The two-tiers font included in this archive, Day Roman, is a digitally redrawn version of what has come to be historically known as the "Two Line Double Pica Roman", a typeface designed by 16th century French punchcutter François Guyot, and used in numerous books between 1535 and 1570, most notable of which are J. Steelsius's printing of The Bible (1541) and Frisius (1551), Gillis Coppens van Diest's printing of Erasmus (1544), Georgius (1544), Serlio (1550) and Horatius (1552), and Rotarius's printing of Livius Brechtius (1549). The type was also used extensively by H. Dunham, and later J. Day, in London (the name Day Roman is simply a reference to J. Day having used the type). Original matrices of Guyot's roman type are now in the Museum Plantin-Moretus in Antwerp.

A 1782 "Sale Catalog & Specimen of the James Foundry" shows a reproduction of that same type under the name "Two-Line Double Pica Macilent". Some specimens from unknown English printers dating back to circa 1650 also show the same typeface, but no proper references were given. The last recorded reference to Guyot's type can be found in "Type Specimen Fascimiles, vol. 1, No. 1 - 15," by John Dreyfus et al, printed in London circa 1963.

Some reduced resolution scans of Guyot's roman are also included in this archive.

In digitizing this typeface, attention was mainly given to duplicate the technical imperfections of 16th century printing, which have been lost with today's technologies. In order to accomplish this, some digital type design conventions have been avoided - things like the uniformity of the serifs, overall stroke precision, vertical proportion exactitude... While trying to maintain as much fidelity as possible to Guyot's original drawings, there was also emphasis in testing to ensure good print functionality at various text and display sizes. This digitization should work nicely when used anywhere from 10 to 30 pt. Some design oddities, appealing or otherwise, may appear in 30+ pt usage. After considerable testing of the digitization, I am quite satisfied with the result as being as semi-accurate representation of Guyot's 16th century Roman, or at least a modern presentation reminiscent enough of Guyot's original.

The basic letters and figures were drawn individually from scratch, using Macromedia Freehand 10 (on OSX) and the latest Intuos2 9"x12" tablet currently available. The tablet's pen was mostly used, but sometimes the 4D mouse was used instead. The drawing of the basic set took about 9 hours. The drawings were then imported into Fontlab 4.0 (on Windows 2000), distributed to appropriate cells, tweaked and optimized, spaced, expanded to cover a full set, then kerned and subjected to initial testing. This Fontlab work took approximately 4 hours.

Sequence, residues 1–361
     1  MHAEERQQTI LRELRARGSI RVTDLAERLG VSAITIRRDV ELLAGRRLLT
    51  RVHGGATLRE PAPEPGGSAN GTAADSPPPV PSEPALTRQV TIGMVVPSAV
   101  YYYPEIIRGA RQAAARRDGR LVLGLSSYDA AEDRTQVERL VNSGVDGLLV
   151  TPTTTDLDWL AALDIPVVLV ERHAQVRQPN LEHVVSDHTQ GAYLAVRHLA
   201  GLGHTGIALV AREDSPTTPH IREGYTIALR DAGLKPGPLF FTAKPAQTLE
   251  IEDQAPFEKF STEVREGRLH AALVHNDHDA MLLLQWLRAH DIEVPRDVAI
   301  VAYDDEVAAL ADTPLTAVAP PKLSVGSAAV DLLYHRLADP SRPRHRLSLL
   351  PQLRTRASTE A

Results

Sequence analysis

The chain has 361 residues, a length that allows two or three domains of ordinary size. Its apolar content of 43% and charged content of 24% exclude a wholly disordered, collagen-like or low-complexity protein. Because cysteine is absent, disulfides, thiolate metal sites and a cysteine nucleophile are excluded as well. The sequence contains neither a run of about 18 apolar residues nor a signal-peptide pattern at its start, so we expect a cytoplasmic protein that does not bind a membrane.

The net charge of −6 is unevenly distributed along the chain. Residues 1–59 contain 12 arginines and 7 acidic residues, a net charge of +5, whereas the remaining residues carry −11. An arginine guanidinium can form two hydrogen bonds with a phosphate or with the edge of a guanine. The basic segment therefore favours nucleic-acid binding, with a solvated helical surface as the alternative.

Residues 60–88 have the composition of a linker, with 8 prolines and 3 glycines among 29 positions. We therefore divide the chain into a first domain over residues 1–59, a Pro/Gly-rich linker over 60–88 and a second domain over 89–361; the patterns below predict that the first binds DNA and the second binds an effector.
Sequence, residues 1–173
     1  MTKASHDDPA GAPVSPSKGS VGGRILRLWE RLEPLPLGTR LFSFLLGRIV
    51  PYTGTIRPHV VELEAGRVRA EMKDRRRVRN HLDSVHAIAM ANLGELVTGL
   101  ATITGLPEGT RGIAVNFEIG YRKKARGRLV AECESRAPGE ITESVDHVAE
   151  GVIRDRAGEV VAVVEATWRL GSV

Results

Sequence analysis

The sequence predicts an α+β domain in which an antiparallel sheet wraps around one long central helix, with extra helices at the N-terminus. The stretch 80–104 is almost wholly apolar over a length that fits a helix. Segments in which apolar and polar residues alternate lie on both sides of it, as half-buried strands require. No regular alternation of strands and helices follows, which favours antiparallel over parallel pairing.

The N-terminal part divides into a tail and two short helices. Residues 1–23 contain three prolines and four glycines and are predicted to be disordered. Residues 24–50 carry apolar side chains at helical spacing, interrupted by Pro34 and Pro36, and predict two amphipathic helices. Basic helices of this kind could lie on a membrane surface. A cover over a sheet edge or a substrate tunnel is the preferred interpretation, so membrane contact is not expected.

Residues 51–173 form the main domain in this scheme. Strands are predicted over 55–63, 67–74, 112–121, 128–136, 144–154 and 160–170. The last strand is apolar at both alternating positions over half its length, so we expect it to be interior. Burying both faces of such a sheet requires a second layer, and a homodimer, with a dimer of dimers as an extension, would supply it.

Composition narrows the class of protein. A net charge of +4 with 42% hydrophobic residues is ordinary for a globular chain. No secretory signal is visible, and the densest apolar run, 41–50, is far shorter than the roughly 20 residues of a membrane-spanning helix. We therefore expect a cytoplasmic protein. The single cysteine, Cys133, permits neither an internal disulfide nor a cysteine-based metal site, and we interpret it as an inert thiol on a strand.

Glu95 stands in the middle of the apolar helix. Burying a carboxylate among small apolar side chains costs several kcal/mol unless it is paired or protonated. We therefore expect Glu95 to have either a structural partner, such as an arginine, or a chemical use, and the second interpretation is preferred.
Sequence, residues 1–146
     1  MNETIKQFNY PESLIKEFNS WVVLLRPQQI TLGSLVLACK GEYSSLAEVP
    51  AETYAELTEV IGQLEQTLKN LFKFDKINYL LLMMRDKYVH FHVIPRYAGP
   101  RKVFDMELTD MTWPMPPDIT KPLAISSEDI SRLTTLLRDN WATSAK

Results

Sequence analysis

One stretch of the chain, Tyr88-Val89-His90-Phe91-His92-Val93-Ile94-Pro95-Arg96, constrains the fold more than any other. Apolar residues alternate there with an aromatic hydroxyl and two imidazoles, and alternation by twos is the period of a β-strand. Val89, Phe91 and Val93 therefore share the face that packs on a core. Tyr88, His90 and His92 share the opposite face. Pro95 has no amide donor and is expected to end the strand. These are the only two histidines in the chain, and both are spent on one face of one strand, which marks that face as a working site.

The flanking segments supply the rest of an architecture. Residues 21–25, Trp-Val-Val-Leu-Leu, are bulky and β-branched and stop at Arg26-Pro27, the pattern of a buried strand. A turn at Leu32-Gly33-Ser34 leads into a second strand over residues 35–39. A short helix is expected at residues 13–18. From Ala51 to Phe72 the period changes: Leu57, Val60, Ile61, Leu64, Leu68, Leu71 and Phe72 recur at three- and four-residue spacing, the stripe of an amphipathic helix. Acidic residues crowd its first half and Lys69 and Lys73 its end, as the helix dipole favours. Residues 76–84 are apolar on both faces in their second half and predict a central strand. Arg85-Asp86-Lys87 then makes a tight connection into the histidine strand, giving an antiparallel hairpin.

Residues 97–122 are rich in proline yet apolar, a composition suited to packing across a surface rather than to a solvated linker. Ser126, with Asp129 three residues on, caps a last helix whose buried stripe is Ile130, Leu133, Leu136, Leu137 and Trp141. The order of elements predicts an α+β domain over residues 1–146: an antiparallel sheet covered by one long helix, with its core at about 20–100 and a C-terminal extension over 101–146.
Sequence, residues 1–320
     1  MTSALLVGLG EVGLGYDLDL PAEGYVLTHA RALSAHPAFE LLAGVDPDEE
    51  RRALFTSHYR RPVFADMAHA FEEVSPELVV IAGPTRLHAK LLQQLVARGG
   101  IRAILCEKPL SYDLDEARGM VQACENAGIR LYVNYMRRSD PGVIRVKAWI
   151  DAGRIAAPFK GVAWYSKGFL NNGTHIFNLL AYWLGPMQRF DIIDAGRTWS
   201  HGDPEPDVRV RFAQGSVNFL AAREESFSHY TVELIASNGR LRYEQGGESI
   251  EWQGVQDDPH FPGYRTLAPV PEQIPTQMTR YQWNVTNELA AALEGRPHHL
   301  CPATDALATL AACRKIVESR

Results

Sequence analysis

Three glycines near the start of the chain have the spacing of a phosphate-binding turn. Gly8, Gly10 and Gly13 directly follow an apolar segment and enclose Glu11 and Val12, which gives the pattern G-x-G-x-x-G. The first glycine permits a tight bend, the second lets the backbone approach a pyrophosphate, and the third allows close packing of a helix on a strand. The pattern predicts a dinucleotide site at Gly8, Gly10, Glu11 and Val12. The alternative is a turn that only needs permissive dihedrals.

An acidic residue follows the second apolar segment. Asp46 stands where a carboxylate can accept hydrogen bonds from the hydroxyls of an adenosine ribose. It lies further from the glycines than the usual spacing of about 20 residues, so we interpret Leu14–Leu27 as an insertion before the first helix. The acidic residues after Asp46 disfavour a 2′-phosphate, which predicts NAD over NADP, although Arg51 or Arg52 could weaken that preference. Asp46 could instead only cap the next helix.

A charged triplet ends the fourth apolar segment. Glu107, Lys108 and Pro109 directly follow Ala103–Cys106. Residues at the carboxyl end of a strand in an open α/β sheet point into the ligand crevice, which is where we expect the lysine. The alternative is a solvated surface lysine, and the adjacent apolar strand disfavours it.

During the testing it was determined that an expert set would be needed to accompany the main font, simply because Guyot had made a few different versions of letters like the M and the N, as well as included many many ligatures. The expert set was built entirely through copy/paste and outline manipulation within Fontlab. Some non-Guyot characters were added to the expert set, if only to convince myself that traveling back to the 16 century didn't entirely take over my consciousness. The expert set took less than 2 hours to build in Fontlab.

So, overall, the entire project of reviving Guyot's Roman took roughly 15 hours.

Day Roman was not the work of just me. Thanks are due in no particular order to, among others, François Guyot for the beautiful letters, Steelsius, vanDiest, Rotarius, Dunham and Day for leaving a trace of them, Peter deRoos for the inexhaustible historical resources, Jeff C. for the beer and entertainment, Intel and Motorola for the processors, Alan Kay for the mouse and interface, Candy L. for the endless supply of Chinese sweet and sour stuff, Vinton Cerf, Robert Kahn, Tim Berners-Lee and Al Gore for the internet, Albert King, Otis Rush and Roger Waters for the music, Acer and Fujitsu for the scanners, Western Digital, Iomega and Seagate for the storage, Ikea for the desks and chairs, duMaurier for the smokes, Wacom for the tablet, Yuri Yarmola for Fontlab, Walter Tracy for the great analysis of spacing Roman type, Altsys and Macromedia for Freehand, John Warnock for Postscript, Sampo Kaasila for TrueType, Jennifer S. for the Bauducco wafers, Columbus for misreading maps, Dan Goleman from the NY Times for confirming that people are afraid of death, Becky N. for the cold cuts, Plato for the legend of Thamus, Gutenberg for movable type, Claude Garamond for the most mysterious gauntlet, the Phoenicians for the zero, Joseph Wizenbaum and Neil Postman for the immortal pages, native Indians for forgiving us, Laënnec for the stethoscope, Edison for the light, Bell for the phone, Parsons for cable, Frances Longo for marrying her hairdresser, Kim N. for the memories, Ryalux for the maximum-absorption carpet, Julien G. for the ceiling, Helen H. for the phone call, Ann P. for the universal schizoid principle, Michel N. and Remy T. for the genetical construct, Frank Z. for the handle, Eddy V. for Wishlist, Sanford for the pens, Apple for Windows, Microsoft for OSX, Mitch N. for taking it as it comes, Telus for the cell, Obus Forme for the mattress, Michelle R. for the sneak preview, Lisa R. for the brute force, Roy & Bénot for the wood, Samsung, KDS and Sony for the screens, Becky A for the aroma, and Jean Chretien for allowing Santa Claus a tax exemption this year.

Hope the ghost of Guyot looks good enough for your designs. Have a blast with it. If you use it commercially, give something to your favourite charity, will ya?